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Screw Mickey, Disney Dreamlight Valley Villains Make The Game

The new Scar update is a continuation of a larger design directive for the life sim

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Ursula from Disney's The Little Mermaid lies in her water cave in Disney Dreamlight Valley.
Screenshot: Gameloft / Kotaku

Disney’s been on a naughty streak lately. Not long ago, there was the Western port of the Twisted Wonderland game, in which characters based on classic villains turn into pretty anime boys who fight each other. More recently, at the House of Mouse’s big D23 fan event, Disney teased that it was starting to think about a villain-themed addition to its theme park. And now, fans of the big Disney life sim are all welcoming Scar into their neighborhoods. Yes, the brooding lion who killed his brother in The Lion King will make a perfect addition next to Remy, don’t you think?

Disney Dreamlight Valley came out of the gate with a variety of lovely options that allow players to make the Mickey Mouse cottagecore town of their dreams. You can have a nice, wistful time planting a garden with Wall-E and ponder the vast mysteries of the ocean while you fish with Moana. You can also play with fire. Dreamlight Valley includes not only beloved heroes, but also a handful of villains from iconic Disney movies, like Ursula and Mother Gothel.


Life sims have always included, shall we say, prickly options. Famously, Shane in Stardew Valley can be rude and cold, but if you’re persistent, you learn that he suffers from depression. In many ways, complicated characters are treated by life sim players, whether wittingly or not, as a challenge to conquer or a puzzle to unlock. It’s no accident that fans voted for Shane to become a marriage option.

Dreamlight Valley’s villains are not there for you to indulge in a savior complex. They aren’t there to teach you something new about yourself, or to help you feel good about your place in the world. Sure, like any other character, Dreamlight villains will give you items as you level them up. But spiritually, the game’s villains are agents of chaos, and it’s up to you to choose whether or not you wade into the darkness with them. You will to some extent, of course, because not engaging at all means you miss out on story content. But you’re definitely not trying to find the right dialogue option with the hopes you’ll kiss the bad boy at the end. Most likely, you won’t even feel sure you should be doing this at all.

Ursula from Disney's The Little Mermaid holds a potion while the Disney Dreamlight Valley protagonist stands in the background in her cave.
Screenshot: Gameloft

According to Disney Dreamlight producer Manea Castet, the developers at Gameloft knew they wanted to have baddies in the game from the onset.


“Let’s face it, a lot of people love the villain,” Castet told Kotaku in a call that transpired prior to the game’s addition of Scar. “Some of them [love] them more than the heroes or the side characters.”

Ursula from The Little Mermaid was a “super” interesting character to work with because she was a villain, Castet said, because she “definitely has her own agenda.” When you initially find Ursula, she’s locked away in a cave. You’re not really sure what it means to set her free, especially when she doesn’t want to tell you why she was seeking something called the Orb of Power (emphasis mine). To help you find the Orb, she proposes making a deal with you. And if you know anything about Ursula, you know that making a deal with her is like making a deal with the devil.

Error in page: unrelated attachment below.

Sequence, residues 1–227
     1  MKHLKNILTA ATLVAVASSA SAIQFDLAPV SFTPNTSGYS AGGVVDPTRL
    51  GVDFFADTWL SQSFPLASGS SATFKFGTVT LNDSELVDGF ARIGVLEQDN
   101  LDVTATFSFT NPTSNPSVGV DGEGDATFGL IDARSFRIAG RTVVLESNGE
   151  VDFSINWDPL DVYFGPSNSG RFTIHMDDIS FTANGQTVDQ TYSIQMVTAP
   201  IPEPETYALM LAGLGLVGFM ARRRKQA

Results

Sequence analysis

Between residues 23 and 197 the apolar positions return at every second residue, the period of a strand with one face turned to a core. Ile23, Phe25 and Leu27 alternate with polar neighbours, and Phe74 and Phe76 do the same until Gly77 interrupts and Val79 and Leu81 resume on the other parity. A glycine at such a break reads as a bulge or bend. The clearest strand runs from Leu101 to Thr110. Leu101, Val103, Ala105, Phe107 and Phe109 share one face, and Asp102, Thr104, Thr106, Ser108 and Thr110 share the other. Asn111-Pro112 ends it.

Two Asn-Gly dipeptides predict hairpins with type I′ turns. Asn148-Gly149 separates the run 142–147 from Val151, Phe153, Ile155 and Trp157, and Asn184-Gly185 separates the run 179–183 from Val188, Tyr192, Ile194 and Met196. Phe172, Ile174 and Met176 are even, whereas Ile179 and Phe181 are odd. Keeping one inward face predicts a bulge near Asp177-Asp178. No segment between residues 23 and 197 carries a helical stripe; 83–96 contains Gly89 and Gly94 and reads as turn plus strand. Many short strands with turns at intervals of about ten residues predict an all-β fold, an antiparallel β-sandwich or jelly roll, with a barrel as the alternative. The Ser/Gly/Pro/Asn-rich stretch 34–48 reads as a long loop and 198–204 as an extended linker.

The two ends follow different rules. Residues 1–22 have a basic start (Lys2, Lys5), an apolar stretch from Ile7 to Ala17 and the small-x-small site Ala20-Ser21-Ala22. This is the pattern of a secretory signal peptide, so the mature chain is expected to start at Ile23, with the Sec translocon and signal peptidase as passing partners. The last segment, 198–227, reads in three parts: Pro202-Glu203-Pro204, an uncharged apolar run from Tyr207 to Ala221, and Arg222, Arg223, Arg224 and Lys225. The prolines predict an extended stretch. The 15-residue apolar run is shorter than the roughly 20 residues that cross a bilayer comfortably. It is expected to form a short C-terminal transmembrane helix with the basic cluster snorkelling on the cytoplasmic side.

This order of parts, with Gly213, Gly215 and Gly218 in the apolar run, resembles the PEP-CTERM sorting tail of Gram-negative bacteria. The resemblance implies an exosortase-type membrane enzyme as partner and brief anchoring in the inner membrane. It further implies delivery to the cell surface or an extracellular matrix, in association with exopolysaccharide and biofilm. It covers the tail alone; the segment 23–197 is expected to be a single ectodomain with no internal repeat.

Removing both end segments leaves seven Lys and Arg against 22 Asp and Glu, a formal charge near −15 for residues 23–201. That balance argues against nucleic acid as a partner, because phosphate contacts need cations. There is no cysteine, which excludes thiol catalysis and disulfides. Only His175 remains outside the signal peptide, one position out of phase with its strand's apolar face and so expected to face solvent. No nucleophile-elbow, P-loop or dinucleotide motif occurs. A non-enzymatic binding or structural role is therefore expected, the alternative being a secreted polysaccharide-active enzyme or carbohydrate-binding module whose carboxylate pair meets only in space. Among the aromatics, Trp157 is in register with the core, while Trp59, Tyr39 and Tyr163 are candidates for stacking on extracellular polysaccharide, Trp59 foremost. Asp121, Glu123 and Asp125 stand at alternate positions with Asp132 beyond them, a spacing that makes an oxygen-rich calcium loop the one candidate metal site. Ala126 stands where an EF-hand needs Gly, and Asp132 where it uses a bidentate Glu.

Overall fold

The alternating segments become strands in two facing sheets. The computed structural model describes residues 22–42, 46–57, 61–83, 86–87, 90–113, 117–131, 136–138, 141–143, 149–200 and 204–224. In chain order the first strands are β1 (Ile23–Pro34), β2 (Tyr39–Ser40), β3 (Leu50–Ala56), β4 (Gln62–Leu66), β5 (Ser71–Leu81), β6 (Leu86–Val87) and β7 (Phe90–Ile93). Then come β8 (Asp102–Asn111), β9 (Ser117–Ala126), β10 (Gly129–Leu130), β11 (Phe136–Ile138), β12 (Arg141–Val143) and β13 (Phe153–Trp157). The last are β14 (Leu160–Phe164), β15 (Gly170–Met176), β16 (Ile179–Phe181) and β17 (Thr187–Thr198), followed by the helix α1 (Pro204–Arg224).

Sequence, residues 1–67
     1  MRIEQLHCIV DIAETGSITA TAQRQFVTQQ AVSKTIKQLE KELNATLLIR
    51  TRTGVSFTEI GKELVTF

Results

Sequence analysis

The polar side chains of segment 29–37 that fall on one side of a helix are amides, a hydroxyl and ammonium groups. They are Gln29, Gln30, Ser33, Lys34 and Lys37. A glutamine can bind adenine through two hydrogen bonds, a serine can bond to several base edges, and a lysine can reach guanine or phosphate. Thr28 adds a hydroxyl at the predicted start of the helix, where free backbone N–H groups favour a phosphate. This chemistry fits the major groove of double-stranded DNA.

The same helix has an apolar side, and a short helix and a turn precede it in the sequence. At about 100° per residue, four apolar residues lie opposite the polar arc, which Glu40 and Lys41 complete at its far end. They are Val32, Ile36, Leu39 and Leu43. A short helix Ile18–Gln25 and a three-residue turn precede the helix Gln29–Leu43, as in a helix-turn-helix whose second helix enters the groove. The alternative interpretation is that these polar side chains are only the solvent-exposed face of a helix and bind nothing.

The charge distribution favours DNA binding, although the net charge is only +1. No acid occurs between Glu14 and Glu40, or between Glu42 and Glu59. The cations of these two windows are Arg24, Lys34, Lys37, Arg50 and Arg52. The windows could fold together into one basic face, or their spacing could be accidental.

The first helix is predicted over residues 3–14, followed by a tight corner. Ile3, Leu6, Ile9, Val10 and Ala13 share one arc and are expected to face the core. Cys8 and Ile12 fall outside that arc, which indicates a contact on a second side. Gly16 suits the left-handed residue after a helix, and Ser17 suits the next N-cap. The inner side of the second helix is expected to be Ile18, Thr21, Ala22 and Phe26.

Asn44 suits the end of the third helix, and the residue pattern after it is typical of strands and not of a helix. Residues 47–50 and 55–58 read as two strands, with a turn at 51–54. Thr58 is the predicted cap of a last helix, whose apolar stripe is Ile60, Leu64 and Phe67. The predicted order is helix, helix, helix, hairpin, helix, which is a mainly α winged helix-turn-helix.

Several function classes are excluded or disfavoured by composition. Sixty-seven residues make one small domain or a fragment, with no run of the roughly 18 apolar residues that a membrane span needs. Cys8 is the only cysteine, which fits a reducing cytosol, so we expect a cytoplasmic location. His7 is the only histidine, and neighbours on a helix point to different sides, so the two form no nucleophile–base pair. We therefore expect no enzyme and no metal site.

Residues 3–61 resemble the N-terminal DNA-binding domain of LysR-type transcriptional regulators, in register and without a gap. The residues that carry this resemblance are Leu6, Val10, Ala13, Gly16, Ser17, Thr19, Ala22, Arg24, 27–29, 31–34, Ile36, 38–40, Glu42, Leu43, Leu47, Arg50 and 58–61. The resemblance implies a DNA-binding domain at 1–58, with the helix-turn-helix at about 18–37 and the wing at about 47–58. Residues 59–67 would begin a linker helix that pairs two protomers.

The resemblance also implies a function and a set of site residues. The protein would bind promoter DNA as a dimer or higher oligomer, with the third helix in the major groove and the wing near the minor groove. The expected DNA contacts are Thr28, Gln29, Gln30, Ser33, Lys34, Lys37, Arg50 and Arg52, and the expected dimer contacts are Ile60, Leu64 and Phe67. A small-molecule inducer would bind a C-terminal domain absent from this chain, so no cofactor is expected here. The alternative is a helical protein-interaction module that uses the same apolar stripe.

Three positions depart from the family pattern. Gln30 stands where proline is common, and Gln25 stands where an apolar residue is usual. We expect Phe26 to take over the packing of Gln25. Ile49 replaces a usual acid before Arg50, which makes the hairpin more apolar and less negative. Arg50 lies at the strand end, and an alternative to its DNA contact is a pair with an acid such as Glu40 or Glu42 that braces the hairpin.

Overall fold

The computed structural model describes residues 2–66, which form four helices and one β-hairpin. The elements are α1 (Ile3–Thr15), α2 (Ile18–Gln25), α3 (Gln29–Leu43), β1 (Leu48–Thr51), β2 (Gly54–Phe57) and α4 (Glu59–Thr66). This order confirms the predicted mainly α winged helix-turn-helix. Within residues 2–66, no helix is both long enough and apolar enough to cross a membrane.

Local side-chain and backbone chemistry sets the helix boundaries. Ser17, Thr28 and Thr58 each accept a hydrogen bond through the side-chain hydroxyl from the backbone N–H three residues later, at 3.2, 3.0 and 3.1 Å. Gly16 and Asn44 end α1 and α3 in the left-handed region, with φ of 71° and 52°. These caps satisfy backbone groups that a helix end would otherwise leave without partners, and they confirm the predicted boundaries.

Read More: It’s Not Easy, But Here’s How You Get Rich Soil In Disney Dreamlight Valley’s Scar Update

Part of what makes Ursula so great is that Gameloft designed her to surprise the player. When she’s freed from the cave, you don’t quite know what happens to her. She’s just, gone. Then, you start spotting her all around the island. Sometimes Ursula pops up in places you can’t even reach yet. What the hell?


Eventually you do catch her, and not only is the dialogue delectably mischievous, so are her missions. The first thing she makes you do is to “acquire” papers from the various houses around the island, something you don’t have to ask explicit permission to do first. And since we know that Ursula’s ill-fated deals are always written down...

There’s a limit to how far any Disney property will go, naturally. “She doesn’t want to be bad for the valley,” Castet said. “But she has her own way to do stuff.”


All the villains are like this, to some extent. When you meet Mother Gothel, she reveals that she was messing around with dark magic that almost destroyed the dark valley. Gothel reminisces on this near-apocalypse with a laugh and hair flip that hangs in the air. Scar? Okay, you technically have to teach him a little bit of a lesson, but to be fair, he tries to get out of it every single step of the way. I’d argue this was a slightly necessary story conceit, because he literally killed someone who was supposed to be close to him. You gotta believe he’d be capable of living amongst the plebs without things getting out of hand. And he’s still very much a dick afterward.


But through it all, the characters are there to give you a less wholesome way to experience Dreamlight Valley. That’s on top of giving you pointedly rude dialogue options, so you can be mean to Elsa if you want to.

“And it’s just a way for you to be a bit like a villain,” Castet said. “Like, it’s your Disney dream world. So if you want to be acting like that, [not] prince or princess, but the villain, you should be able to. And the game supports that. And there is more stuff regarding that also coming really soon. So yeah, it’s important for us to have every side of Disney.”